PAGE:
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Monument Hill Kiwanis President Richard Storm, Pikes Peak Cemetery Committee Chairman Victor Fernandez, Gold Star Wife Linda Witt and El Paso County Veteran Service Officer Carl McDaniel at a recent Kiwanis briefing on the progress of Pikes Peak National Cemetery efforts./Photo by Rob Carrigan

location of the cemetery.” Today, with the blessing of the Colorado United Veterans Committee in Denver, Fernandez is asking for further blessing of the chosen name by service groups and veterans, and says they (the committee) can still use financial support. Burial in a national cemetery is open to all members of the armed forces who have met a minimum active duty service requirement and were discharged under conditions other Please send us your news tips, photos and comments at or

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than dishonorable. A veteran’s spouse, widow or widower, minor dependent children, and under certain conditions, unmarried adult children with disabilities, may also be eligible for burial. Eligible spouses and children may be buried even if they die before the veteran. Members of the reserve components of the armed forces who die while on active duty or who die while on training duty, or were eligible for retired pay, may also be eligible for burial.

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March 2, 2016

The Tribune 5

Frequent forest fires led to construction of popular area road A hundred years ago, one of the area’s most popular mountain roads often was barely passable. In fact, it was little more than a horse trail. In the 1920s, the Forest Service started upgrading it. Access was needed because, on part of it, they had problems with numerous forest fires. And, at the time, converting mountain trails into roads usable by cars was being done all over the west. The idea of extending it into Colorado Springs was even proposed. This road project was the idea of Pikes Peak district chief, Everard Keithley, who lived in Manitou Springs. His area of responsibility covered what is now the Pike National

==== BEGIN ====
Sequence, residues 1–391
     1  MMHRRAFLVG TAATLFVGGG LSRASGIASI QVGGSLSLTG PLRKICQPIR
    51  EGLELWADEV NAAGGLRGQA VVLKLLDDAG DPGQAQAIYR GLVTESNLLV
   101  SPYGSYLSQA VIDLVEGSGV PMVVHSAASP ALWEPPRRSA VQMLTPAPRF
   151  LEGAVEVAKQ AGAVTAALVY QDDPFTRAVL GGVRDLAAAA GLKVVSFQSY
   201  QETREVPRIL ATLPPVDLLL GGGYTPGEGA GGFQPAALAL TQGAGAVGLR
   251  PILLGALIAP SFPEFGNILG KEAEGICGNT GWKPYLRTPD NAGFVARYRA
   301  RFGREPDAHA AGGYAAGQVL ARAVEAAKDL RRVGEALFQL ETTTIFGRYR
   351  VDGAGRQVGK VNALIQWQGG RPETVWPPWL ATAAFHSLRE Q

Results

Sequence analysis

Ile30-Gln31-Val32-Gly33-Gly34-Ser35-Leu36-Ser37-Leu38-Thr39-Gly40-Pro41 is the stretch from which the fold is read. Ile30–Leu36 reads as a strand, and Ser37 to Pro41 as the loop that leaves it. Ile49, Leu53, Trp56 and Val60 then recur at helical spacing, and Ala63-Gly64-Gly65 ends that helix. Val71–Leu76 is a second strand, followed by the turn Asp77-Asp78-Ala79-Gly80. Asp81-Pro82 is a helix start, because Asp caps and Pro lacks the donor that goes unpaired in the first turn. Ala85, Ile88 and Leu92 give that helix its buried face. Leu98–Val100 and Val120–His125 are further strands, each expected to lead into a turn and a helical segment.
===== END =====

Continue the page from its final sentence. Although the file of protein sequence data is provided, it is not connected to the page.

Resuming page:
Forest, though in the 1920s, it was not quite as large as it is today. He took on the project of improving the old trail, starting in Woodland Park and working north toward Denver. Once that was about finished, he started working on a couple branches off that road.

One was down into Palmer Lake through one of the problem areas. Mount Herman Road was soon good enough for automobiles. A couple other mountain trails were also improved. In the early 1930s, Keithley started on a new road from Garden of the Gods up the Front Range to the road from Woodland Park. There was even some discussion about taking it to Queen’s Canyon, up behind Glen Eyrie, General Palmer’s old estate. After several protests were raised, this idea went away. Once the main road was finished, it was commonly called the “Keithley Road.” But the official name was the Rampart Range Road. It was generally

closed in the winter, due to problems with snow and wind. This was still a caution as late as the 1970s. A few years ago, I talked about the numerous Balanced Rocks there are in this area. At last count there are four in addition to the one in the Garden of the Gods. One is up near Palmer Lake, but I was unable to locate it. In fact, one of the trails from Rampart Range Road is Balanced Rock Road. I found early pictures of the Mount Herman Road, and there indeed sits the mysterious Balanced Rock. A big nose-like rock, now hidden in the trees on the back side of Mount Herman.

Letters to the Editor Urges oversight of D-38 school board and ties to unions To the Editor, At last month’s Lewis-Palmer School District 38 board meeting, observers watched a local Democrat activist heap unqualified praise on D-38’s board and criticize dissenting voices. He argued that, contrary to complaints about spending and deceit, the incumbents’ November 2015 re-election proves the community trusts this board. He conveniently omitted that 75 percent of the community rejected D-38’s MLO in 2013. Or that the re-elected slate, whose campaign was managed by the same person who has worked board campaigns since

Pomarico in 2007, secretly received $11,000 from the teachers’ union. President Pfoff flatly denied that he is union-backed on his Facebook campaign page, yet the Colorado Secretary of State’s required campaign finance reporting of contributions clearly says otherwise. Despite the advantages of incumbency, $11,000 in glossy mailers, and covert support from the union machine, two of D-38’s incumbent slate received fewer than 55 percent support and one of them lost. Only one-third of our teachers belong to the union, but sadly, the union continues to control the district through its board majority. The D-38 union president, who lives outside the district, praised the large pay-raise the board recently gave the superintendent – even amidst dire warnings about a supposed “fiscal tsunami” in state funding cuts coming in the near fu-